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Guide

The Coolest Places To Eat In Manchester

Looking for bare bricks, parquet wood flooring, dangly filament light bulbs, Scandi chairs, clipboard menus, natural wine, staff in trainers, chefs in flatcaps… you get the point.

Here we’ve collected together some of the most interesting and hip places to eat in Manchester, from laid-back suburban bistros to a back street sushi cave.

  • 7 Book Now Manchester

    Hawksmoor

    British

    The best steakhouse in the North. Opening on Deansgate in 2015, the first Hawksmoor steakhouse outside of London is a confident affair. Steak and attention to detail have created a branch like no other, whose beef is among the world’s finest. Sourced from Yorkshire’s Ginger Pig, choose from huge sharing cuts such as T-bone, Porterhouse and prime rib, with solo steaks available if you’re not into sharing. Starters such as Caesar salad with airy Doddington shavings, an artisan burrata made in Wiltshire or sticky, rare breed Old Spot belly ribs are meals in themselves,while seafood is strength. Ethically sourced scallops bath in white port and garlic butter, or try the UK-sourced monkfish, grilled over charcoal. Side orders such as triple-cooked chips, creamed spinach, anchovy hollandaise and bone marrow gravy are reason enough to visit, and the location is lovely. Packed with nooks and crannies, the wood-lined former court room feels unpretentious and the Mid Century light fittings, sourced from the US, reflect the subtle good taste at work. Drinks take in classic cocktails and ‘Sharpeners’ (we recommend the Hawksmoor Collins and ridiculously gingery Shaky Pete’s Ginger Brew) while the winelist is packed with intriguing, accessible wines. A reliably brilliant experience.

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  • Book Now Manchester

    Hispi

    European

    Moreish cooking at Gary Usher’s Manchester bistro. Hispi is, quite simply, a great bistro. Third in a small chain of restaurants conceived by Gary Usher, the concept started with Sticky Walnut in Chester (see also Top 100), a neighbourhood operation which made its name off the back of great basics like crème brulee, quaffable wine served in beakers, and excellent quality produce. Little has changed over several successful crowdfunding campaigns. The menu could now include beer-battered salt pickles with parsley and tarragon mayo, roasted butternut squash and goats curd linguine with ‘sticky walnuts’, featherblade beef with truffle and parmesan chips, homemade Eccles cake with whipped cream or perfectly pulled off custard tart (one of The Confidential’s dishes of the year 2017). Expect chunky British food, with fresh ingredients and tasty results. Space-wise, spartan yet comfortable seating place the focus firmly on food. And drink. Choose from four bespoke brews created by Manchester’s Blackjack brewery, fashionable orange wines, Turkish varietals and more. Premier Cru Vallet Frères Beaune is a favourite at the top end.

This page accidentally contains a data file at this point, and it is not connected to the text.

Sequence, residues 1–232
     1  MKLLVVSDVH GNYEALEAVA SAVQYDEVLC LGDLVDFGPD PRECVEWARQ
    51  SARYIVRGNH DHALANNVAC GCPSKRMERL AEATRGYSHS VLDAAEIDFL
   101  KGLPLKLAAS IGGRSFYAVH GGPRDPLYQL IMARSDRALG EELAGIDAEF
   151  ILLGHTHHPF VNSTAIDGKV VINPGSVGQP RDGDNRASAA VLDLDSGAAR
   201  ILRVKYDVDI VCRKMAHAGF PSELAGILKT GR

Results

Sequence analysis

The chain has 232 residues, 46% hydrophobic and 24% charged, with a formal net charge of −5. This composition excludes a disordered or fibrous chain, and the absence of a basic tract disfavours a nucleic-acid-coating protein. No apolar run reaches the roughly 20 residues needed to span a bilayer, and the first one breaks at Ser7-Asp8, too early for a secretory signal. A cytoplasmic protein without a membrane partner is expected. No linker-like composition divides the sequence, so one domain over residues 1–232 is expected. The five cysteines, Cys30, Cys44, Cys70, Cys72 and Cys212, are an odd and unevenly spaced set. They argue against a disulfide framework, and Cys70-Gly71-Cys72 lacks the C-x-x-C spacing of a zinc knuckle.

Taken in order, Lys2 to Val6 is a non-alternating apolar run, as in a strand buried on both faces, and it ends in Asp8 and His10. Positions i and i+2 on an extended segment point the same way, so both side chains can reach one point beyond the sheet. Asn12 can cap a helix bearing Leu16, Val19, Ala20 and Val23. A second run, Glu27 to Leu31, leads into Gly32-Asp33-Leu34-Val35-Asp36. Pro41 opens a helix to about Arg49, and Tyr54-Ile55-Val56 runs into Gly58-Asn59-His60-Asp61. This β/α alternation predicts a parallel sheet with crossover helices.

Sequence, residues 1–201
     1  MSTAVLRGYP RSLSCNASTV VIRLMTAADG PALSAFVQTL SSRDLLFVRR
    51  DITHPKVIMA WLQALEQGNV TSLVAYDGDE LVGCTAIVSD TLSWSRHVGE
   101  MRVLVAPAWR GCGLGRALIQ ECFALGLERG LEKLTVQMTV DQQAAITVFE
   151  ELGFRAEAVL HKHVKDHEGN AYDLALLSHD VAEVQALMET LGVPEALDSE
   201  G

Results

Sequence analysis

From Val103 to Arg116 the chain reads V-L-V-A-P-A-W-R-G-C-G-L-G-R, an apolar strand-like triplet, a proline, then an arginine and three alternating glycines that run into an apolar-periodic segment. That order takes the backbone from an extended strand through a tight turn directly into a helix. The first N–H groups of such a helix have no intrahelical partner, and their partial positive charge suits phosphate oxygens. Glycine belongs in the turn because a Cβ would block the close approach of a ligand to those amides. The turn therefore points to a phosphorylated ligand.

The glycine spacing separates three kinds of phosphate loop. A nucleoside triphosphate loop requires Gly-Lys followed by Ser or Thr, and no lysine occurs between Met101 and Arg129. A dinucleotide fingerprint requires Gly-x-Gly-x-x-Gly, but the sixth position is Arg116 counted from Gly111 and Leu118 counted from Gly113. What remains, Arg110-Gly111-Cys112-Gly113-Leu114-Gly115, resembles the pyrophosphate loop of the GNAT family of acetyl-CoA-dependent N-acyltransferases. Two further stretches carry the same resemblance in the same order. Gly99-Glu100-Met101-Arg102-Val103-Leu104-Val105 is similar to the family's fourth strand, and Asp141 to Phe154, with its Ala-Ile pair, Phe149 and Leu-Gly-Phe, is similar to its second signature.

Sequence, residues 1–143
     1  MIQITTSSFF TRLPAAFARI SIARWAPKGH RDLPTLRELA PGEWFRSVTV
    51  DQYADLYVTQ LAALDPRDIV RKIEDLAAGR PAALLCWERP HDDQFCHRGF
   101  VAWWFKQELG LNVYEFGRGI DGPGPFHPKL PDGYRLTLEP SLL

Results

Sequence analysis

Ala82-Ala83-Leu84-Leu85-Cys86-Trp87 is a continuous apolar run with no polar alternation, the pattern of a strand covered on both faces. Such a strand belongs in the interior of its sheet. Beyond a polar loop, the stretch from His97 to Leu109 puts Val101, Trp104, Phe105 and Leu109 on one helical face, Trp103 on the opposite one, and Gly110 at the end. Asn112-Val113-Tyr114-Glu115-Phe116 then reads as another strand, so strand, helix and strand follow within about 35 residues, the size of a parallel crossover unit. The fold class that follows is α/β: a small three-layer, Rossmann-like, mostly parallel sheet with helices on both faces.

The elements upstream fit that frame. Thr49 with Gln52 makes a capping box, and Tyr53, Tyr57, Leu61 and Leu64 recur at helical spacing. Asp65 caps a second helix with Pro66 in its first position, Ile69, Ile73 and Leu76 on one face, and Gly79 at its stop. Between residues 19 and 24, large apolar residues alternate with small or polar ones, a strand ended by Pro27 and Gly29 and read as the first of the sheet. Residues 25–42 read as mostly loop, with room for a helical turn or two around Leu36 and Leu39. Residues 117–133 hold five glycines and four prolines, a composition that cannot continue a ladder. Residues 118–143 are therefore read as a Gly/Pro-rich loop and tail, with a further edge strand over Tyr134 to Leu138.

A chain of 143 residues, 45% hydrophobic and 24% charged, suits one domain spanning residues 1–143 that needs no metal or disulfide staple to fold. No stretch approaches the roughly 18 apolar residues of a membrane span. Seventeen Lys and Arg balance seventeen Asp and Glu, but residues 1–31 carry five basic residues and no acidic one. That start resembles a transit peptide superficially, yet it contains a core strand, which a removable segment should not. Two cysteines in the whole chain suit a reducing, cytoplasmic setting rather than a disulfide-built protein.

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  • Book Now Manchester

    Sugo Pasta Kitchen

    Italian

    Puglian inspired pasta in the heart of Altrincham. Another Altrincham success story, this Puglian-inspired restaurant opened in 2015. Sugo doesn’t do pizzas, or a lot of choices at all – and the emphasis is very much on homemade pasta. Dishes change often but house ‘sugo’ (meaning sauce) could be a slow cooked ragu of beef shin, pork shoulder and nduja, while other options include parmesan Foglie di Ulivo with a San Marzano tomato ragu, basil, parmesan and Puglian burrata, or a dish of mussels, baby squid, king prawns in their shells with chilli and ginger. Tables are for sharing, the soundtrack more Jarvis Cocker than the Three Tenors. Devoted to serving the best produce available, owners (former Honest Crust workers, Alex De Martiis, his brother Micheal and Jonny Marcolgiese), import pasta, oil and earthenware from Puglia – and the quality of Sugo’s Italian raw materials are matched by the sourcing nearer home; they have persuaded Manchester Veg People to grow staple Puglia greens cime di rapa for them. Starters and desserts are perfect sharing material; slow braised lamb belly crocchette with anchovy bagna cauda, for example, arancino filled with basil pesto and Campania mozzarella di bufala, and a new take on mussels with bottarga (cured grey mullet roe AKA ‘Italian caviar’). Blueberry and almond frangipane tart, vanilla panna cota with poached Yorkshire and a Ginger’s Comfort Emporium pear sorbet, specially created by local gelato maestro Clare Kelsey round things off perfectly, while wines are limited to a short list of Southern Italian varietals. An authentic choice for food (and wine) lovers – with a new branch in Ancoats too.